ComPRehension

Professional development and training blog of the Public Relations Society of America (PRSA)
October 30, 2009

Your Best Bet for PR Success — Navigating the Accreditation Process


Accredited in Public Relations. These are four words that carry powerful meaning — particularly if you are a public relations professional. They indicate the achievement of an important credential for public relations practitioners. They indicate the completion of a rigorous set of oral, written and computer-based examinations designed to assess the competencies of practitioners in 16 specific areas. In short, the APR is a mark of excellence for those obtaining the credential.

It is true — I am biased. I earned my APR in 1995 — more than 14 years ago. And I have served in many capacities (including now as the chair of the Universal Accreditation Board) wherein I advocate for acceptance and appreciation of the credential. I have worked tirelessly to help educate my peers and students on the value of the credential, sharing my views on why every public practitioner should pursue it.

Why have I worked for years on behalf of the APR? I believe it is a pinnacle of achievement that every public relations professional should strive for. The APR is a brand that has wide acceptance over nine different public relations organizations including but not limited to PRSA, the National School Public Relations Association, the Religion Communicators Council, the Southern Public Relations Federation and the Texas Public Relations Association. Attainment of the credential indicates a commitment to the public relations profession and to its ethical practice. It also indicates a broad knowledge, strategic perspective and sound professional judgment by the holder.

But most importantly, there are data that support my advocacy for earning the credential:

  • Accredited public relations professionals earn $102,031 vs. $85,272 for those who are not Accredited, or 20 percent more. (Source: 2005 PR Week/Korn Ferry Salary Survey)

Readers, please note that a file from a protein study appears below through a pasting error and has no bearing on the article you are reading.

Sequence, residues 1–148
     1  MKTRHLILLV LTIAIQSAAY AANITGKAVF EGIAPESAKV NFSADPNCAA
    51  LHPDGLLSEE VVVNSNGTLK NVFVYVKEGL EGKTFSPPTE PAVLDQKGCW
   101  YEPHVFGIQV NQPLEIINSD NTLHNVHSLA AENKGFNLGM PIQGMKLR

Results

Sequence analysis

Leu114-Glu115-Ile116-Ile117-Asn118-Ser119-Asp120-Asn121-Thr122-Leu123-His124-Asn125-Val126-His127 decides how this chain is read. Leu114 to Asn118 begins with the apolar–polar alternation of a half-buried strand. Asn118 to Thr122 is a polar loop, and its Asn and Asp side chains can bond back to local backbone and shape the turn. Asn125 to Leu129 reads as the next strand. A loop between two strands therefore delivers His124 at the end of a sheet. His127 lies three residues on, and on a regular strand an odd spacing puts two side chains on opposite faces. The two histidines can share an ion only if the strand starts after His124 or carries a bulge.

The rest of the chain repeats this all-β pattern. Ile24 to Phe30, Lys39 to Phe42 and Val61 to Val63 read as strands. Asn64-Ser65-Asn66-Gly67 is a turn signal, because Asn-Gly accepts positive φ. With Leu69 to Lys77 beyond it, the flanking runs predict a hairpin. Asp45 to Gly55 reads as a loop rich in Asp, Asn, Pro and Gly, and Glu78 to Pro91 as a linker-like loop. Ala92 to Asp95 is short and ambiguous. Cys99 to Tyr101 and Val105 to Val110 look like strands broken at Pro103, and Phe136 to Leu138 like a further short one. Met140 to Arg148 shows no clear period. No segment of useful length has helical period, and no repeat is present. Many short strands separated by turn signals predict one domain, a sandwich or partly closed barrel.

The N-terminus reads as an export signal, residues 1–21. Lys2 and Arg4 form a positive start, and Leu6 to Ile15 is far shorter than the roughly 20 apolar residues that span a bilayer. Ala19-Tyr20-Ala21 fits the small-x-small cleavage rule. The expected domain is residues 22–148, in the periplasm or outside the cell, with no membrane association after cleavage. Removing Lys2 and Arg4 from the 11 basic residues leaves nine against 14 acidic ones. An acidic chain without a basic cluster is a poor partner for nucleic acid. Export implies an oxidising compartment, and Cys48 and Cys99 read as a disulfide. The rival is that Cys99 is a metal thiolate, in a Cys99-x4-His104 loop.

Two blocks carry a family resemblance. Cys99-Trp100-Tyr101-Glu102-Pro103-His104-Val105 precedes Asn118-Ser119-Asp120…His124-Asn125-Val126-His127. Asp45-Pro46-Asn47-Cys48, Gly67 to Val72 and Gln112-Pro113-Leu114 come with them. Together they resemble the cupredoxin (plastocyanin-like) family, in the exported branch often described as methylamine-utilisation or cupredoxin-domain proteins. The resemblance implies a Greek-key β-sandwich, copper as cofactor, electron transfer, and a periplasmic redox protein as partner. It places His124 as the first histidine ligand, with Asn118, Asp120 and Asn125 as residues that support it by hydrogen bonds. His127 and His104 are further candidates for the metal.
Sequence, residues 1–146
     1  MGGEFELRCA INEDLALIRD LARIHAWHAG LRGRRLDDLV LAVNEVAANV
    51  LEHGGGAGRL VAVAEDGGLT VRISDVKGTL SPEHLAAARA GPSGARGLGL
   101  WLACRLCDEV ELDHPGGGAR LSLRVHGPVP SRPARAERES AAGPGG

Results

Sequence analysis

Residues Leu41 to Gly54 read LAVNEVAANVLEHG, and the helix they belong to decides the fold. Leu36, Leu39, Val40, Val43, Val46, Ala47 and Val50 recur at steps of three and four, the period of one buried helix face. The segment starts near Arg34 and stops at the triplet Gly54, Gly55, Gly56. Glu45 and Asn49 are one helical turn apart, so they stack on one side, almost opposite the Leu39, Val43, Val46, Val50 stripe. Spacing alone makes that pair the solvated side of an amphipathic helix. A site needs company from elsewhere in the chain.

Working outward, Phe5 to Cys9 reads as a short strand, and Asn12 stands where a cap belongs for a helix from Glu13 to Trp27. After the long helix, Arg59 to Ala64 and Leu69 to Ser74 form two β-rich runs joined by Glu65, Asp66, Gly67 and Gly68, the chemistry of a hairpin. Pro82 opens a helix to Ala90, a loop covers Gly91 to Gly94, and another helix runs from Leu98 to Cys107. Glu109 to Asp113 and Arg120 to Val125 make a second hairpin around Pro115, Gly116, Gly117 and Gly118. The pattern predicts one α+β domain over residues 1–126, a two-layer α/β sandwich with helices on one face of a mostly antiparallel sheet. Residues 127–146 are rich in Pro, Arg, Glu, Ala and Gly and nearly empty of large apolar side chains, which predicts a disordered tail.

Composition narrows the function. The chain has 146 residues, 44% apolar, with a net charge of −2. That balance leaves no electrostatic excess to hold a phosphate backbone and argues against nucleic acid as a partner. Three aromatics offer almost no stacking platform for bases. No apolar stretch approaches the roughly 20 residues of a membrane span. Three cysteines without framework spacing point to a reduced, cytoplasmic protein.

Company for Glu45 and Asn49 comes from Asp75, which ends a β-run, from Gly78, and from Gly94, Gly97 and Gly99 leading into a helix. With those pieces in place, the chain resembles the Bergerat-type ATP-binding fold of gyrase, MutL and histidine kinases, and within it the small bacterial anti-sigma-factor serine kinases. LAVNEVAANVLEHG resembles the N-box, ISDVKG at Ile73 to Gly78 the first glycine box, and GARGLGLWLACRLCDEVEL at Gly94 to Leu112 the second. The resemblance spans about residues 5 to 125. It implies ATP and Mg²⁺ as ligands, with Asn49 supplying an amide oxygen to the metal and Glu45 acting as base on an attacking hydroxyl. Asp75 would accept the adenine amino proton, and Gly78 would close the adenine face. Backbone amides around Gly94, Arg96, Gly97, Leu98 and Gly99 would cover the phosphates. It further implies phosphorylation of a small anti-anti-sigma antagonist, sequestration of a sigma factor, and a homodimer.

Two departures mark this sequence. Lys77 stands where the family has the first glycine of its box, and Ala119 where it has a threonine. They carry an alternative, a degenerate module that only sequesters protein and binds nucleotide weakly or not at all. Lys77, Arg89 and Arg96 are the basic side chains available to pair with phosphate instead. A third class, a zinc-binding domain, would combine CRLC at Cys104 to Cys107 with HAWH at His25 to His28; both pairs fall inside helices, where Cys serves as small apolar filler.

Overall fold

• The affluence of Accreditation increased to $94,000 from $80,000 when professional experience was controlled. This suggests that formal professional development programs and education are efficient ways to increase income when compared to mere experience. (Source: Study on independent public relations practitioners conducted in 2007)
  • The “APR” is among the leading international credential brands for public relations professionals. (Source: Universal Accreditation Board historical data)

It’s no wonder that the Puerto Rico legislature has established a Regulatory Board for Public Relations Professionals in Puerto Rico! (They created this group to further recognize the differentiating characteristics of professionals who practice public relations.)

On a personal note, I recently completed another major step in my educational pursuits. I earned my Master’s in Business Administration — graduating with a 4.0! I am very, very proud of this accomplishment. Why did I do it? I believe in life-long learning and I want to be a more valuable asset to my employer, further strengthening my skill sets. I mention the attainment of my MBA due to the fact that I’ve seen blogs and commentary comparing the value of achieving one of these important credentials over the other. I say: Why not both? There’s no reason for us to compare and contrast in that way as these marks are both very important!

As I close, I do hope that the readers of this blog have registered for the PRSA 2009 International Conference to be held in San Diego, California in November. It’s going to be a great program! On Sunday, November 8,  I’ll be leading a session in the Your Society at Work programming track that is very important for those considering achievement of the APR credential. It’s on preparing for the Readiness Review, the first step in the APR journey. The panel is fantastic and includes Dr. Bey Ling Sha, APR; Stefanie Casenza, APR; Don Stanziano, APR; and Bill Gay, APR. We will do a formal overview of the Readiness Review process, but the most exciting element will be our presentation of a “mock” Readiness Review. The goal of the session is to educate those considering this important step on what’s involved in this phase of Accreditation. So please plan to come out! (But for those who can’t attend, we will do our best to record this activity.)

Finally, if you are considering attainment of your APR, visit www.praccreditation.org. Come to the Conference, participate in a boot camp or contact me and/or other members of the UAB.We’d love to hear from you!

By Felicia W. Blow, MBA, APR, 2009 chair, Universal Accreditation Board, the director of
Public Affairs for Cox Communications in Chesapeake, Va., and represents the Public
Relations Society of America (PRSA) on the UAB. Connect with Felicia on Twitter, Facebook and LinkedIn.

Join Felicia, along with Dr. Bey Ling Sha, APR; Stefanie Casenza, APR; Don Stanziano, APR; and Bill Gay, APR, for “Your Best Bet for PR Success — Navigating the Accreditation Process” at the PRSA 2009 International Conference: Delivering Value, Nov. 7–10 in San Diego, CA!

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